with their minds, their disposition, their character.”
He explained that strict controls on Icelandic horses have
helped keep the breed pure. Horses cannot be imported into
the island nation; and, once a horse leaves, it can never
return. Great care is taken with genetics.
“Breeding horses are judged for their minds. If a breeding
horse gets a bad score in Iceland it's pretty much eliminated
from the gene pool,” Slott explained.
He was so taken with the animals that in 1989 he started an
Icelandic horse operation on his 2,000-acre Millfarm in Ancramdale,
NY, about 100 miles north of his other home in New York City.
Although he also runs a high-yield bond fund, it's obvious
that Slott's heart belongs to his horse business.
Janine Gordon, who heads her own public relations firm, recalls
meeting Slott at a party more than a decade ago. When the
subject of horses came up, Slott asked Gordon, “Do you
“I told him, `I've wanted a horse since I was
four years old, but I'm not going to buy one until I
meet one that is as comfortable as my car and with the disposition
of my dog,” Gordon reported. “He said, `I have
79 of those,' and that's how it happened,”
said Gordon. She has become very attached to her Vinur (pronounced
like wiener), a little bay “with hair like Tina Turner.”
He gives Gordon a feeling of security she compared to “driving
a very fine car. They correct for you, even if you're
not a brilliant rider. When they go into the tölt, they
pull their head way up and you feel something like a centaur.”
Though the fear factor might discourage potential riders,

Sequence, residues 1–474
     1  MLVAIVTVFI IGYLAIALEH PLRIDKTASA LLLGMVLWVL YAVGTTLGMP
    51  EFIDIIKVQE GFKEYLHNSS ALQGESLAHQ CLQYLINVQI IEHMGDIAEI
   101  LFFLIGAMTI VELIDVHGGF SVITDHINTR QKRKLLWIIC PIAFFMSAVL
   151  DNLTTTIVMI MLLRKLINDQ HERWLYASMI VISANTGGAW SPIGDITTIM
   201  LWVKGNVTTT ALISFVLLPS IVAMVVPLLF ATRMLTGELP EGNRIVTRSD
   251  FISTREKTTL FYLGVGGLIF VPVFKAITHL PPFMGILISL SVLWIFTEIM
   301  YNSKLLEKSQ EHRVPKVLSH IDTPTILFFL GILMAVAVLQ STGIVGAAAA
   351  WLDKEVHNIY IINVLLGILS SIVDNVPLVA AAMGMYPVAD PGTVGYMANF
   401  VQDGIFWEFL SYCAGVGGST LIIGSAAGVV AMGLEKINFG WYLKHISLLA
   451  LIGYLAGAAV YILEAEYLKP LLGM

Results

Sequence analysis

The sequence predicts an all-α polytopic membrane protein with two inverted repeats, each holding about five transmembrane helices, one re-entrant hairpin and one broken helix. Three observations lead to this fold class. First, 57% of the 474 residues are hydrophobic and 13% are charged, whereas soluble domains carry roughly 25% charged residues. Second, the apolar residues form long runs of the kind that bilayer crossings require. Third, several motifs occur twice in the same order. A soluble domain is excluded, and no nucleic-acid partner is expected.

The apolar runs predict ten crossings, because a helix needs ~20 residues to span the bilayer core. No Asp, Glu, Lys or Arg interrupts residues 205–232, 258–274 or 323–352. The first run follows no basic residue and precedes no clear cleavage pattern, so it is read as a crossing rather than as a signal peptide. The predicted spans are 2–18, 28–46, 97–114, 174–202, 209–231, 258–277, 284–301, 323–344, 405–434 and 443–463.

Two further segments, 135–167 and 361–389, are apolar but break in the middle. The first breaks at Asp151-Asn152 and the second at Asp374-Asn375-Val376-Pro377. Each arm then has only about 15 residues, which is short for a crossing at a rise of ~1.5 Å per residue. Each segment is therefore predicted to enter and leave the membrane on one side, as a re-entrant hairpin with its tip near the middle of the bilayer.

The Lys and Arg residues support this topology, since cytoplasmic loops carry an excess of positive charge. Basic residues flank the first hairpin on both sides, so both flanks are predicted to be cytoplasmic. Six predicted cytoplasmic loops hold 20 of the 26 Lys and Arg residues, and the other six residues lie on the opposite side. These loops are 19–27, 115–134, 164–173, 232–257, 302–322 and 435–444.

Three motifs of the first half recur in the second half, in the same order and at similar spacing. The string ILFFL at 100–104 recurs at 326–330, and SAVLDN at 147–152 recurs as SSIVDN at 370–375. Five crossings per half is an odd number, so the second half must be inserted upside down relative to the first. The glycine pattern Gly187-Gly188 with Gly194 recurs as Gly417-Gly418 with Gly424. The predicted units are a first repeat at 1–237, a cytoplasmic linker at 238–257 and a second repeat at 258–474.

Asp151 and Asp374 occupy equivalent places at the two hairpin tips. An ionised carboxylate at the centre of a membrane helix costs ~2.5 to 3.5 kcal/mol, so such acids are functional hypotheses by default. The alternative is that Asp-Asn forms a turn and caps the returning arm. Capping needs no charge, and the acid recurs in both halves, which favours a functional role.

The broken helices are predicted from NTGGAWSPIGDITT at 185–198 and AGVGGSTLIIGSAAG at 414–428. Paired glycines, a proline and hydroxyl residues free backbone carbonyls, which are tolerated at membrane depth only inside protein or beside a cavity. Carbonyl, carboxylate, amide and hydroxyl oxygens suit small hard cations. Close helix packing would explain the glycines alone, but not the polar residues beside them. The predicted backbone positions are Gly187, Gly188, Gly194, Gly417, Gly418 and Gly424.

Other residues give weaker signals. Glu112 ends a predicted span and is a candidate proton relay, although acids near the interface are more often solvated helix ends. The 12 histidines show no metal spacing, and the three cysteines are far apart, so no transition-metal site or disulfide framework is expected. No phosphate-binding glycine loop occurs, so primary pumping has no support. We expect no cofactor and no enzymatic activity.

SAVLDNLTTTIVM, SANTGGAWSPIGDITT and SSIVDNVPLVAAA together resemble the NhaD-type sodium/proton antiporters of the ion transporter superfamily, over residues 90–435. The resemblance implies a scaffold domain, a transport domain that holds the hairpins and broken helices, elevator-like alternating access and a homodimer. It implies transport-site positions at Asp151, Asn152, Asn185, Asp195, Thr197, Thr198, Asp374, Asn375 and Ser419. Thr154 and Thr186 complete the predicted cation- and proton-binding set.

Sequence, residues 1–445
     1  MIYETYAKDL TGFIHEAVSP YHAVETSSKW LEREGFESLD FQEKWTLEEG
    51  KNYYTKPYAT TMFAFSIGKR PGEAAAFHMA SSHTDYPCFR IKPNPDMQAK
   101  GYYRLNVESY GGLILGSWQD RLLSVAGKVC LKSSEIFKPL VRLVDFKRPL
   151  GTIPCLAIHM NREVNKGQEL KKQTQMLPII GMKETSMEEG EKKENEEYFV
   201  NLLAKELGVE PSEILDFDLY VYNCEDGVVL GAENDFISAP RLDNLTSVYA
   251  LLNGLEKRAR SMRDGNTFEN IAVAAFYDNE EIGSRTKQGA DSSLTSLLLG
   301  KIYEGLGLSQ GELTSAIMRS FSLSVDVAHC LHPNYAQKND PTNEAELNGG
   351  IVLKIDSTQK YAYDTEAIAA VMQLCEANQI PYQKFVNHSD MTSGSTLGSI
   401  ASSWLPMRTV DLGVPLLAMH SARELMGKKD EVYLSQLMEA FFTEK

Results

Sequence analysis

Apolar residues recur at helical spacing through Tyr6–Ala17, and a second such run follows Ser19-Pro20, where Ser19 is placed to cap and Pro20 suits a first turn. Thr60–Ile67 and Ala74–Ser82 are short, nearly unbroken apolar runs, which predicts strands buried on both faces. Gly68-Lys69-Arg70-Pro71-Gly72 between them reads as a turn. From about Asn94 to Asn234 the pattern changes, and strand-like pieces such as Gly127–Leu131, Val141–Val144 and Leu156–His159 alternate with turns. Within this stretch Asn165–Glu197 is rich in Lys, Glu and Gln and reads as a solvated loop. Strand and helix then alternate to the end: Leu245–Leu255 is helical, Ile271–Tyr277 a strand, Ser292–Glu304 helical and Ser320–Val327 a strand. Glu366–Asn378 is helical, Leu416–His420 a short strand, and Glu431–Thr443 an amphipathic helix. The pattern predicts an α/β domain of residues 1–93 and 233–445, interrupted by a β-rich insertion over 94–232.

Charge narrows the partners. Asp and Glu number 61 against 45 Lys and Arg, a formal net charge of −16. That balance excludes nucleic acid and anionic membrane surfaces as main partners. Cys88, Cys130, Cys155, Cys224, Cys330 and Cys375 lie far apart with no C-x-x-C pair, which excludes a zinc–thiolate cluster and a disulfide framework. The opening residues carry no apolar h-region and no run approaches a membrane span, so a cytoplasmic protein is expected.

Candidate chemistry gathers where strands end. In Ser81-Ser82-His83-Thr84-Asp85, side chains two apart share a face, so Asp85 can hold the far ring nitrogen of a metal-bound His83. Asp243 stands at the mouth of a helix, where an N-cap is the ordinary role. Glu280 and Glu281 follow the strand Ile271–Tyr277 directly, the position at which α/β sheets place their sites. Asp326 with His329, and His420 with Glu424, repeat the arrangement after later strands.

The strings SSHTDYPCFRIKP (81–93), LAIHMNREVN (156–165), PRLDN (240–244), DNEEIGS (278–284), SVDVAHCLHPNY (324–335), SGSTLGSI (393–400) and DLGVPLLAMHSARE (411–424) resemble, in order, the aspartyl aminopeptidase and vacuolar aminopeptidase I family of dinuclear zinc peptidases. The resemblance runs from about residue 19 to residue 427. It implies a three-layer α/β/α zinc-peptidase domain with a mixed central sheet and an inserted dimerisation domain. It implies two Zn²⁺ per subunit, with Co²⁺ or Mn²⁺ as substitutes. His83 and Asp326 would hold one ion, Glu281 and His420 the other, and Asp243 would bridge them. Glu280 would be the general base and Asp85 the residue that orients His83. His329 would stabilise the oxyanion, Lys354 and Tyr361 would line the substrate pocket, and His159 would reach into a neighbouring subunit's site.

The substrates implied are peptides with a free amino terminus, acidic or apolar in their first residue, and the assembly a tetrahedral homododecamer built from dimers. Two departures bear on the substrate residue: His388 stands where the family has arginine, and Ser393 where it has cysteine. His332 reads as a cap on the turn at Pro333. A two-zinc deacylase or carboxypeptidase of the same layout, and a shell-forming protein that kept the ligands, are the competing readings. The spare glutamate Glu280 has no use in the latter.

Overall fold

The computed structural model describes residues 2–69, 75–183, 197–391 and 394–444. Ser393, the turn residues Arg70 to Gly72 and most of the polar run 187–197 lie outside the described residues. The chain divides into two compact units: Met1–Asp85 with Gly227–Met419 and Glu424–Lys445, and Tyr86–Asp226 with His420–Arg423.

or those who had a bad experience with a horse, Icelandics
can offer solace. Anne Elwell, secretary of the U.S. Icelandic
Horse Congress, an affiliate of the International Federation
of Icelandic Horse Associations, used to ride Arabians. Then,
she said, “I got tired of getting hurt on horses.”
When she discovered Icelandics, she found, “you can
go fast, you can have fun and you can be safe.”
Dawn Atherton, president of the Great Lakes Icelandic Horse
Association, said the first time she rode an Icelandic, “I
had to have one.” Atherton lives in Michigan, and an
Icelandic really fits the bill in that climate because the
horse can handle the cold and is low-maintenance. She said
Icelandics can easily live outside year-round if they have
a turnout shed to shelter them. Only about an acre per horse
is necessary in order to keep them at home, though access
to more land is necessary to indulge in their specialty of
Slott says he is running his operation at Millfarm “with
the idea of making money,” but he has more than a financial
interest in what he's doing.
“We have to get quality products onto the market for
people to realize the excitement behind the Icelandic horse,”
Millfarm's horses understandably do not come cheap.
The price range is $10,000 to $40,000, though that actually